I first took notice of S.S.Rajamouli‘s hardwork in Magadheera. Sure he had delivered lot of strong box office hits including Yamadonga – providing the much needed hit for Jr. NTR, Vikramarkudu and Simhadri. But when these films came out first, they failed to impress me and I never cared enough to watch them in theaters. But it all changed when I watched Magadheera – Chiranjeevi was making a coming back in it – for the first time.
Working with a story provided by his father – like he does in most films, Rajamouli made an epic reincarnation based drama-esque love story. It worked with the masses and classes alike; hell it even took the whole nation by a mild surprise – people as far as from Haryana and Sikkim (True!) have gone on to name the movie when I told them I’m a Telugu. Only Maniratnam’s southern films (most of them dubbed) reached so many people.
I loved the powerful title sequence with the now cult Srihari’s voice counting to Keeravani’s BGM and the references to Chiru (everyone did, however stale they were!) in the first half. The love story though didn’t work for me and neither did the songs. And then the interval card came – In 10 minutes, I went back 400 years. The rest was epic and it was mindblowing. Rajamouli (not Charan) was talk of the town. Everywhere people (so I heard!) discussed in hot debates his audacity to make a movie on such a grand scale and deliver an all time blockbuster.
I came back from the theater contemplating and over the next year re-watched most of Rajamouli’s films barring some parts of Chatrapati and Maryada Ramanna. While some parts definitely blew me away, I concluded most of Rajamouli’s films were heavy duty revenge sagas packaged neatly. Most of his stories were trite and barring Maryada Ramanna and Magadheera (to an extent) he treated his actresses as item girls. Maryada Ramanna was clean stuff, nothing over the top usual Rajamouli stuff and the heroine actually had a solid character.
Nevertheless one couldn’t deny the hard work that Rajamouli puts in his films, I wouldn’t doubt his conviction. So when Eega was announced – however outrageous the idea was – I was eager to see what he would do with something so different yet so fundamentally familiar – a revenge saga yet again. Soon enough the plot was released and it felt like he could make it work, but of course a lot of it depended on the CGI.
Working with an idea from his father again, this time Rajamouli worked on the plot – a boy dies in the hands of an evil man for his love and is reborn as an Eega ( housefly ) to avenge his death – well enough to make you sit for 140 odd minutes.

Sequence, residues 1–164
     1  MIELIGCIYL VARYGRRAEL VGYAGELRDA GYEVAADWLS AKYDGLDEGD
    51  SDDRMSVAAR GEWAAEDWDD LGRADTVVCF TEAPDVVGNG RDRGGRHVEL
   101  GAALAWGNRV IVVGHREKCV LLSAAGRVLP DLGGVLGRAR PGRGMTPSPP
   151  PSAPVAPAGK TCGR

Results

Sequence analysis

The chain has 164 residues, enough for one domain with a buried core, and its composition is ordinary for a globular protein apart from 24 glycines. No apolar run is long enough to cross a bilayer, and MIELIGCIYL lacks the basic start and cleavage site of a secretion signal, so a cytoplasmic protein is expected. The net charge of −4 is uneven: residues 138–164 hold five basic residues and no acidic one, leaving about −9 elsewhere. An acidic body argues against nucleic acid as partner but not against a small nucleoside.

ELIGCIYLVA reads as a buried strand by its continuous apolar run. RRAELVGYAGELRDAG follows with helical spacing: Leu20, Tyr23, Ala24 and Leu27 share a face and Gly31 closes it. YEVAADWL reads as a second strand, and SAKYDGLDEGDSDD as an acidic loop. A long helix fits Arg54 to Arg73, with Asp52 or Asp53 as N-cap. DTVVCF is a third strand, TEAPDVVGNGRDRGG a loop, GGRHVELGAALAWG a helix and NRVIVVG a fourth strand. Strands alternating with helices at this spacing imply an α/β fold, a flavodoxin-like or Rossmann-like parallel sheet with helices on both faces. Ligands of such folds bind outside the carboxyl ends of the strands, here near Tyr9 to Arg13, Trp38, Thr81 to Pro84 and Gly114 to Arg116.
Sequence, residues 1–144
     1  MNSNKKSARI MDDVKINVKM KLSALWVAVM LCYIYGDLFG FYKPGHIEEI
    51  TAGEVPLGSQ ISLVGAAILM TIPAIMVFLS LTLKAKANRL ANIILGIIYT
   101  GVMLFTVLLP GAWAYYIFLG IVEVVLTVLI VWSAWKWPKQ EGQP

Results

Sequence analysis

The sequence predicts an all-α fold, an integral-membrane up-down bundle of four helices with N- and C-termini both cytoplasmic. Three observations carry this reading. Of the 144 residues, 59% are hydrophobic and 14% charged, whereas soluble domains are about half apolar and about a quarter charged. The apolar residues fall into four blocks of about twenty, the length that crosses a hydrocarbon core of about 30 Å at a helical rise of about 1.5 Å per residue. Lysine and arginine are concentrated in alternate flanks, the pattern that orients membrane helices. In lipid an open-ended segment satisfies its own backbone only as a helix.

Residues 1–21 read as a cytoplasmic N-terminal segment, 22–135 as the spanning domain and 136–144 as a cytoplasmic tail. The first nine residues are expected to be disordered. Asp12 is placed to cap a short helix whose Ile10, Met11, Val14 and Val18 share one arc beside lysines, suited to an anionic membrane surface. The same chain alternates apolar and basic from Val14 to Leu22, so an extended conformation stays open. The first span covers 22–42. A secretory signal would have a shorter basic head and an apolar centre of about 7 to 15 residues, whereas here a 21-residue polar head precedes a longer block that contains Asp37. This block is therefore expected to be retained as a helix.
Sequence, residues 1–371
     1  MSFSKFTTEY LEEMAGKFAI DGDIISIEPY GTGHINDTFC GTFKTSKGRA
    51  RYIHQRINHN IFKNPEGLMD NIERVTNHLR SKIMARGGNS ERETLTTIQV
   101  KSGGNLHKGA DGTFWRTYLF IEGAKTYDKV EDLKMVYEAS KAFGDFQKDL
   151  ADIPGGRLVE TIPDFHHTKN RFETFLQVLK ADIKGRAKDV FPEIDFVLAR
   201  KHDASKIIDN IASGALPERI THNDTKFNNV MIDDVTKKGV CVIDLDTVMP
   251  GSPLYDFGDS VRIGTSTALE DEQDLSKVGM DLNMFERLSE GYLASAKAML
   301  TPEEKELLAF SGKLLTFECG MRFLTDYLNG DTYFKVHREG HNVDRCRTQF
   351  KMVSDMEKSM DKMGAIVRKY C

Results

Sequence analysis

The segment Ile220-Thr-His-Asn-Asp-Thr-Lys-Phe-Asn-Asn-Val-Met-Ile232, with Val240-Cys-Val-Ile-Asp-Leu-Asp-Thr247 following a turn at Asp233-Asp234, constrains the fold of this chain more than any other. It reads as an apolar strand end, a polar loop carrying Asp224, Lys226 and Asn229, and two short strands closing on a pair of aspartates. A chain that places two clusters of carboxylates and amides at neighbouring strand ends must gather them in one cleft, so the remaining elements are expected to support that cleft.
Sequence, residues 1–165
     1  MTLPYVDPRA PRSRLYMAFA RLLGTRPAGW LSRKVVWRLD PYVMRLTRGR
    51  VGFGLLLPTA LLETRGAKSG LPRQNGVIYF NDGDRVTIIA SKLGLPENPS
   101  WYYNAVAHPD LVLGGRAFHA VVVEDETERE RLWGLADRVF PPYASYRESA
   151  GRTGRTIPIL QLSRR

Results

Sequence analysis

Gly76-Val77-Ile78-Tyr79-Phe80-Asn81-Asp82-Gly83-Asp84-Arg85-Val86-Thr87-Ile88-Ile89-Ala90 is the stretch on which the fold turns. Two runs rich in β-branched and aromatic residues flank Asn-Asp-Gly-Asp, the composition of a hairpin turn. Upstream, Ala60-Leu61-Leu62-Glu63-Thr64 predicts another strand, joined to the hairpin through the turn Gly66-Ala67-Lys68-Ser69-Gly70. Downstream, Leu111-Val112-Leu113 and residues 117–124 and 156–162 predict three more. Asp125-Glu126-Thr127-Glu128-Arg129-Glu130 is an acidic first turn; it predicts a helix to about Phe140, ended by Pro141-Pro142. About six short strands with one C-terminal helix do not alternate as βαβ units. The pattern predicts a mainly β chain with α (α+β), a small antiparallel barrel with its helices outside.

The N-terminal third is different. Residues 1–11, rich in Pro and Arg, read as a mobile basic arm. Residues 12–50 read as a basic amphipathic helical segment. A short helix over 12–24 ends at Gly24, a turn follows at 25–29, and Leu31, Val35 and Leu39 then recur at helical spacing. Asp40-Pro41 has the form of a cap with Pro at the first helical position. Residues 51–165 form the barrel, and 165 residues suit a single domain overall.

Nani is in unrequited love with Bindhu (Samantha) and he’s been following her for 2 years as she indulges herself in micro art (how apt!) and NGOs. Sudeep, the evil womaniser kind, meets Bindhu when she comes to see him for a donation and falls for her. When he realizes Bindhu might also be falling for Nani, he decides to eliminate Nani to get closer. Nani dies and is reborn as Eega who swears by revenge. In the next 20 odd days, Eega tortures Sudeep in ways unbeknownst to the film-junta finally killing him.
Rajamouli uses just about enough time to set up the primary love story. Banking on Nani to exude the charm, which he does, Rajamouli uses most of his songs in the first few minutes and covers lot of ground and slows down only when Nani dies and is reborn as Eega. Sudeep starts of as a cool, suave business man and slowly transforms into a monster before Eega milks enough comedy out of him.
There are a lot of riveting sequences but the ones that come to mind are the wonderfully shot Sudeep’s accident and the climax. Lot of money has been spent on the CGI and rightfully so. Eega has been designed pretty well and when the camera zooms in on it – which it often does – it doesn’t feel weird. I was worried about this, but this is great stuff.
I haven’t watched much of Sudeep – I have seen him Rakta Charitra where he was nothing great – but over here he’s really good. I know that Rajamouli had enacted almost all of the scenes providing a base for Sudeep but one can’t take away the credit of working with an imaginary fly and looking believable. He’s got a great voice and here he uses it to a great effect. Samantha, on her part, looks pretty and acts pretty. Nani does great with his comic timing and his impish charm that works too well for the character and the film. Others don’t have much to do.
MM Keeravani has worked with Rajamouli in all his films and they share a great camaraderie but it has never translated to something memorable. None of Rajamouli’s films have good songs except Maryada Ramanna. Rajamouli’s need to make massy songs is probably the reason for this. But here MMK has been given a free hand, I suppose, and he comes up with some good songs that help build the love story. But the best of him comes in this film’s background score – he lets his imagination run wild : mildly operatic here, modern synth bgm there to suit Eega escaping and the violin bits to squeeze out the emotion – quite possibly his best effort.
Rajamouli working with an adept technical team lead by Senthil,the DOP and the graphics team, never loses grip of his main story or breaks for a couple of cheap gags. In the end all of it pays off and this is a commendable effort from Rajamouli.
The post was written by Bharat Pantula.You contact him at firstname.lastname@example.org